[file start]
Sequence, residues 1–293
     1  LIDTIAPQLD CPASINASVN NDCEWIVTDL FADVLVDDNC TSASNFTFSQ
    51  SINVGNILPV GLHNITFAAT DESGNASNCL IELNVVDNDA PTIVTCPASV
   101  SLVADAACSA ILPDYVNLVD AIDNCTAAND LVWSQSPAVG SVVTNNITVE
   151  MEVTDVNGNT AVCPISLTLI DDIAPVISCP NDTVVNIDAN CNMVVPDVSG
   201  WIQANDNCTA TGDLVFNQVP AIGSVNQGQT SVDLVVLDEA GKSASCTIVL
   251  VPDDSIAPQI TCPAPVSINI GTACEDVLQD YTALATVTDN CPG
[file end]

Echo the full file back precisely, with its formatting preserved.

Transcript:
Sequence, residues 1–293
     1  LIDTIAPQLD CPASINASVN NDCEWIVTDL FADVLVDDNC TSASNFTFSQ
    51  SINVGNILPV GLHNITFAAT DESGNASNCL IELNVVDNDA PTIVTCPASV
   101  SLVADAACSA ILPDYVNLVD AIDNCTAAND LVWSQSPAVG SVVTNNITVE
   151  MEVTDVNGNT AVCPISLTLI DDIAPVISCP NDTVVNIDAN CNMVVPDVSG
   201  WIQANDNCTA TGDLVFNQVP AIGSVNQGQT SVDLVVLDEA GKSASCTIVL
   251  VPDDSIAPQI TCPAPVSINI GTACEDVLQD YTALATVTDN CPG